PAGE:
Stock market regulator, the Securities and Exchange Board of India (Sebi), today proposed wide-ranging overhaul of corporate governance norms for listed companies.
The measures include checks against unjustifiable CEO pay, greater powers to minority shareholders, an orderly succession planning and hefty penalties for non-compliance.
Most importantly, Sebi has proposed that independent directors be appointed by minority shareholders, and that independent directors must disclose reasons for their resignation.
The regulator also proposed a new concept of corporate governance rating (CGR) by independent agencies to monitor the level of compliance by the listed companies and regular inspection by Sebi and stock exchanges.
In a discussion paper for proposed changes in the corporate governance norms for listed firms, Sebi has also proposed measures for a greater oversight by and on independent directors, as well as greater alignment of CEO salaries with the performance and goals of the company.
Sebi said "that, on average, the remuneration paid to CEOs in certain Indian companies are far higher than the remuneration received by their foreign counterparts and there is no justification available to that effect."
Sebi has also proposed mandatory disclosure by the listed companies of ratio of remuneration paid to the each of their directors and their median staff salary.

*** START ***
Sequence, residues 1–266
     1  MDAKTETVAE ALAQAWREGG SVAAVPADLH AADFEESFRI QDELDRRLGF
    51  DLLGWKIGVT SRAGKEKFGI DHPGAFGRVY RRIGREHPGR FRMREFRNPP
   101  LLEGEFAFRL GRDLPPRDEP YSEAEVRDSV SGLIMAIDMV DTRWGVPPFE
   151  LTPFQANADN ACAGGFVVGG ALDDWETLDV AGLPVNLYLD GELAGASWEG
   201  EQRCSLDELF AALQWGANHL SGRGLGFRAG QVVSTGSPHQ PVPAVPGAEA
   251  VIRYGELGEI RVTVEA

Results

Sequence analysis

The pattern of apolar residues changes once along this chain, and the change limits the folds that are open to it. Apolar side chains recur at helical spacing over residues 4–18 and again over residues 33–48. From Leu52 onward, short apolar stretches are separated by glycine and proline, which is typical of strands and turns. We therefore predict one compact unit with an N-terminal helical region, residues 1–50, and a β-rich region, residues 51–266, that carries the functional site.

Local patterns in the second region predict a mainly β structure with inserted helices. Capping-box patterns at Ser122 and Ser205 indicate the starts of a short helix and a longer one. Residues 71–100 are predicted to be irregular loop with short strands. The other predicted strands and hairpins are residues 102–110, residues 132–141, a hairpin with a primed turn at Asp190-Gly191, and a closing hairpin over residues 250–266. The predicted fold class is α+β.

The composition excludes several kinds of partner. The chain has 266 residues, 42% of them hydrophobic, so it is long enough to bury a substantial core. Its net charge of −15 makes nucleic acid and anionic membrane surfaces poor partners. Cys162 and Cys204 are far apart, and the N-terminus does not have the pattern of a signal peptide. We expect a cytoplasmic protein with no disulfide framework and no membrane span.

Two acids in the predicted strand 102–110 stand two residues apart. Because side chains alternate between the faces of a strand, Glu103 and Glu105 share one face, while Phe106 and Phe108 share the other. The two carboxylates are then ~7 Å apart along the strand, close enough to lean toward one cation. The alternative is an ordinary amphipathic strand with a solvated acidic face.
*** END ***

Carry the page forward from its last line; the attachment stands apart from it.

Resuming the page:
Such a disclosure has already been proposed in the Companies Bill 2012 for all public companies, but Sebi has proposed such a provision for listed companies in advance, along with a number of other corporate governance measures contained in the proposed Bill that is awaiting final Parliamentary approval.
Sebi said that it is seeking to adopt better global practices through these proposals without increasing the cost of compliances by a huge margin.
"... at the same time, it is necessary to bring back the confidence of the investors back to the capital market, for channelising savings into investment, which is the need of the hour," Sebi said.
The regulator also said the current regulations provide for actions like delisting or suspension of a company's shares, adjudication for levy of monetary penalty, prosecution and debarring of promoters and directors from the markets in case of non-compliance.
However, delisting or suspension is generally not considered an investor friendly action and therefore, cannot be resorted to as a matter of routine and can be used only in cases of extreme/repetitive non-compliance.
"Prosecution, on the other hand, is a costly and time-consuming process," Sebi said, while proposing measures like companies being asked to get CGR, inspection of compliance by stock exchanges, Sebi or any other agency.
It has also proposed imposing penalties on the company, its directors, compliance officer and key managerial persons for non-compliance "either in spirit or letter", and sought to convert the provisions of Listing Agreement into regulations or better enforcement.
Comments on the paper have been invited till January 31.With inputs from PTI